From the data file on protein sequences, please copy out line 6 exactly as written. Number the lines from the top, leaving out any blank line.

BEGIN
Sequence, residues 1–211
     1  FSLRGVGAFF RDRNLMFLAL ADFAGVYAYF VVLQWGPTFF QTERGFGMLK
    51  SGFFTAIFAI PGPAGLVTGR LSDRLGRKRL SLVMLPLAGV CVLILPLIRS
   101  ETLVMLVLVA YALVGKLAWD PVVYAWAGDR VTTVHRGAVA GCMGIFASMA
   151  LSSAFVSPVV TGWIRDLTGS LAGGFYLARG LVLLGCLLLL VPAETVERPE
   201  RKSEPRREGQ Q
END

   201  RKSEPRREGQ Q